Venturing beyond the pink plastic and chic opulence of her DreamHouse, the Barbie of today wears a lab coat, mixing chemicals or programing a robot on her computer.
Mattel’s new line of Career Dolls are, in part, the product of the company’s Barbie Global Advisory Council (BGAC), which has sought out the expertise of 12 individuals in STEM-related fields across the country to help give direction to the company.
One of those experts happens to be the UW’s very own associate professor of psychology, Sapna Cheryan, who has been a member of the council since May.
“I get questions from time to time and give my thoughts on what is important in the space of girls and especially when it comes to girls and STEM fields,” Cheryan said.
Cheryan’s research revolves around cultural stereotypes and their impact on racial and gender disparities in society. One of her focuses has been to find ways to encourage girls to be interested in STEM. Incidentally, this was also the interest of Mattel, the designer of the iconic Barbie doll.
A 2017 release from the U.S. Department of Commerce reports that “Women filled 47 percent of all U.S. jobs in 2015 but held only 24 percent of STEM jobs.” At the same time, “women constitute slightly more than half of college educated workers but make up only 25 percent of college educated STEM workers.”
Cheryan, who had signed a nondisclosure agreement with Mattel, could not give specifics as to what she said during her consultations. Her feedback so far has revolved around “big picture” ideas influenced by her research, as opposed to critiques of individual products.
“One of the ways to empower girls is to allow them to put different careers on the table that they might not be considering right now,” Cheryan said. “How do we get girls more interested in these fields and what can we do to change the image of these fields to increase girls’ and women’s interest?”
“Barbie is one piece of that image,” she said.
Barbie’s evolution from fashionista to scientist did not start in the United States, but 1950s Germany.
Time magazine describes the doll’s beginnings as a salacious comic strip featuring an expensive call girl named Bild Lilli, whose popularity would lead to the creation of a doll. Intended as adult novelty, the doll nonetheless peaked the interest of Barbara Handler, the 15-year-old daughter of Ruth Handler, co-founder of the Mattel toy company.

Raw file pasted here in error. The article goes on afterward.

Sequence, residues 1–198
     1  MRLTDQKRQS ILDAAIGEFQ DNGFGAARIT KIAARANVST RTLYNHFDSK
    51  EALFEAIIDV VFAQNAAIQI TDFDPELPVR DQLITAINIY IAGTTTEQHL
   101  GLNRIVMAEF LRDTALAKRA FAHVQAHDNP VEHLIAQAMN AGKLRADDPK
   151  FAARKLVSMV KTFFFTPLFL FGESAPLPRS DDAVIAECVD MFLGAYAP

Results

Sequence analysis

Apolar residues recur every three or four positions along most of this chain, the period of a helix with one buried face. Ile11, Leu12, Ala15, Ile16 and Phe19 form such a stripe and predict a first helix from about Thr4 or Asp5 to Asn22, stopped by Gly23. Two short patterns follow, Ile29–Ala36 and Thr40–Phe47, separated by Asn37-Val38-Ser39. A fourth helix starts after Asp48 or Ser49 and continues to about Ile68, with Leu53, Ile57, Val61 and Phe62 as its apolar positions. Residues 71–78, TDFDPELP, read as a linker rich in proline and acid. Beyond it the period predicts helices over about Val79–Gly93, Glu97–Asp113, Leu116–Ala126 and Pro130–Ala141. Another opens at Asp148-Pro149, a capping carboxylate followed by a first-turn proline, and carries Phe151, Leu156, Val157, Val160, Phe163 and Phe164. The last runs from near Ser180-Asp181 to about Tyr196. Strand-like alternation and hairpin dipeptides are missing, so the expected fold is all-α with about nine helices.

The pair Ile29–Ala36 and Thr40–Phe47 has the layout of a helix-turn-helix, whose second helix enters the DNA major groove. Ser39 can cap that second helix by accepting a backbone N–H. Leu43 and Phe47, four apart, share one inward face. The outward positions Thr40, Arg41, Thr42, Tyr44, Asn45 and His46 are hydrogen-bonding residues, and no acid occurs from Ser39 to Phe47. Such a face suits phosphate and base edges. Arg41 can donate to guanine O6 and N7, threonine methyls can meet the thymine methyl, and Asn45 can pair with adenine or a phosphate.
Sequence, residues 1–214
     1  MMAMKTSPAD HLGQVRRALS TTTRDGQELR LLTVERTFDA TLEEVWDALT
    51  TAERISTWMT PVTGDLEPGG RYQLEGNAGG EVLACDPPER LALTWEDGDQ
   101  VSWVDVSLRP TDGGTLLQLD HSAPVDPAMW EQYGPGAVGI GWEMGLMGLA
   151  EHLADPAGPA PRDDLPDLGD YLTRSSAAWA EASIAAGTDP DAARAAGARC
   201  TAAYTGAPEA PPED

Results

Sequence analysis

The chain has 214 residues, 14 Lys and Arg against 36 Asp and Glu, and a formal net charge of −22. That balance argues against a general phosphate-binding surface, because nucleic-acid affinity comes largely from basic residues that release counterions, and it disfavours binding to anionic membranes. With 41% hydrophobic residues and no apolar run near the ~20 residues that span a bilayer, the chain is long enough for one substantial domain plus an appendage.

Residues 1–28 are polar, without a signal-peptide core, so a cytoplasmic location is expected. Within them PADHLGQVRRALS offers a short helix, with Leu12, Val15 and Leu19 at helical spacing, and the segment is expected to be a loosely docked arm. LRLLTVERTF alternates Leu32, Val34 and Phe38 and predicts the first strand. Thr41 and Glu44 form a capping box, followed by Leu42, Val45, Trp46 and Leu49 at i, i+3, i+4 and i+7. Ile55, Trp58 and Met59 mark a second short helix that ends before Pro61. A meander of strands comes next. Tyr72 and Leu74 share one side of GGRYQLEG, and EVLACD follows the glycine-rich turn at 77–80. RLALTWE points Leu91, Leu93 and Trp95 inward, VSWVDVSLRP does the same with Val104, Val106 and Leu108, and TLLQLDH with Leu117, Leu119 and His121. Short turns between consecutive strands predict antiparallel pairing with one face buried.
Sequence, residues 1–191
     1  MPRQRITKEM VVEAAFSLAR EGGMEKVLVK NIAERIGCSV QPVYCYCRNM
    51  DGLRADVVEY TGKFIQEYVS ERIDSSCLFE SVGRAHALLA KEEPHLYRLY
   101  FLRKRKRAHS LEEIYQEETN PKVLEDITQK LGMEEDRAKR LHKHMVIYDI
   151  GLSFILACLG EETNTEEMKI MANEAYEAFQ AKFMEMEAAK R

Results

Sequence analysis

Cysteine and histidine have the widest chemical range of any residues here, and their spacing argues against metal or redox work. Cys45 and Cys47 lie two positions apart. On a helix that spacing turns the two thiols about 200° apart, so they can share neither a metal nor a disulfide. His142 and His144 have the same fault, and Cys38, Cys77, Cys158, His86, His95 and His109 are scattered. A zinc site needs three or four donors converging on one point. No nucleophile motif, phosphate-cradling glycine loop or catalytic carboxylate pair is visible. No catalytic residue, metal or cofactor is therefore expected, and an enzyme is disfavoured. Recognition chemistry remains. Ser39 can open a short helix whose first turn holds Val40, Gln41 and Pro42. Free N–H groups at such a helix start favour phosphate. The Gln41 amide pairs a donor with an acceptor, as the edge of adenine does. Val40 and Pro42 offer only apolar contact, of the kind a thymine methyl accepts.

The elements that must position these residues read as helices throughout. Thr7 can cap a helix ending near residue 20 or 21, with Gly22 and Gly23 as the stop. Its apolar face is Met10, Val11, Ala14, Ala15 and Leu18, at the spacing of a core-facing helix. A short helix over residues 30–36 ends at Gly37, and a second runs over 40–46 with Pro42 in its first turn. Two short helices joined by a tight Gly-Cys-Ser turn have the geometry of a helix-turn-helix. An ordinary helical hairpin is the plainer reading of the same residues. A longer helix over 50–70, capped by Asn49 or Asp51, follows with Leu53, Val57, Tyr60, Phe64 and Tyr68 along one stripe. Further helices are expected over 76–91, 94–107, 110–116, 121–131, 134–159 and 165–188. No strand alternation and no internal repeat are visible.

The Americans came across the doll in 1956 while vacationing in Switzerland. Several years later, Handler would release her adaptation, which she named Barbie, after her daughter.
Decades later, the toy is now a familiar staple of many girls’ childhoods.
Barbara Domonkos, the toy buyer for Kids Club in University Village, has worked at the business for 23 years and has witnessed firsthand how Barbie has adapted to the demands of a different society.
“They are changing the looks of Barbie in the sense that [she’s] more diverse in ethnicity but also in body style,” Domonkos said. “The last few years we’re seeing more dolls that aren’t exaggerated in the chest area or really thin looking, so they are modeling it more towards what real girls and real women look like.”
She also noticed the recent addition of Barbies with scientific careers, breaking from the doll’s traditional roles as cook, artist, and teacher.
“[Kids] role-play with dolls,” Domonkos said. “They can either experiment with their own identity through that role-playing with dolls or dress up or they are playing out what they see in the world.”
It is difficult to determine why a child plays with a particular doll, Cheryan said. But in certain cases, it can be a reflection of what a child feels is expected of them by society.
She referred to a study that was conducted during the Brown v. Board of Education Supreme Court case to prove the negative effects of racial segregation in schools. African-American children were shown two white and two black dolls and asked which ones were “nice” or “bad.” The majority labeled the black doll as bad, while identifying with the white doll.
Cheryan took a particular liking to the new Robotics Engineer Doll, which was gifted to her by a friend. “That is a STEM field that women are underrepresented in,” she said. “I’m glad [Mattel] picked an engineering field and one that maybe a lot of 6-year-old girls haven’t heard of.”
“Continuing to make Barbie showcase careers that girls might not be aware of or might think are something that’s more appropriate for boys or men, I think that’s a great future direction.”
On March 9, 1959, Handler introduced Barbie to the world for the first time. Fifty-nine years later, the doll appears to be living up to her original motto.
“You can be anything.”
Reach reporter Alexander Tufel at firstname.lastname@example.org. Twitter: @alexUWDAILY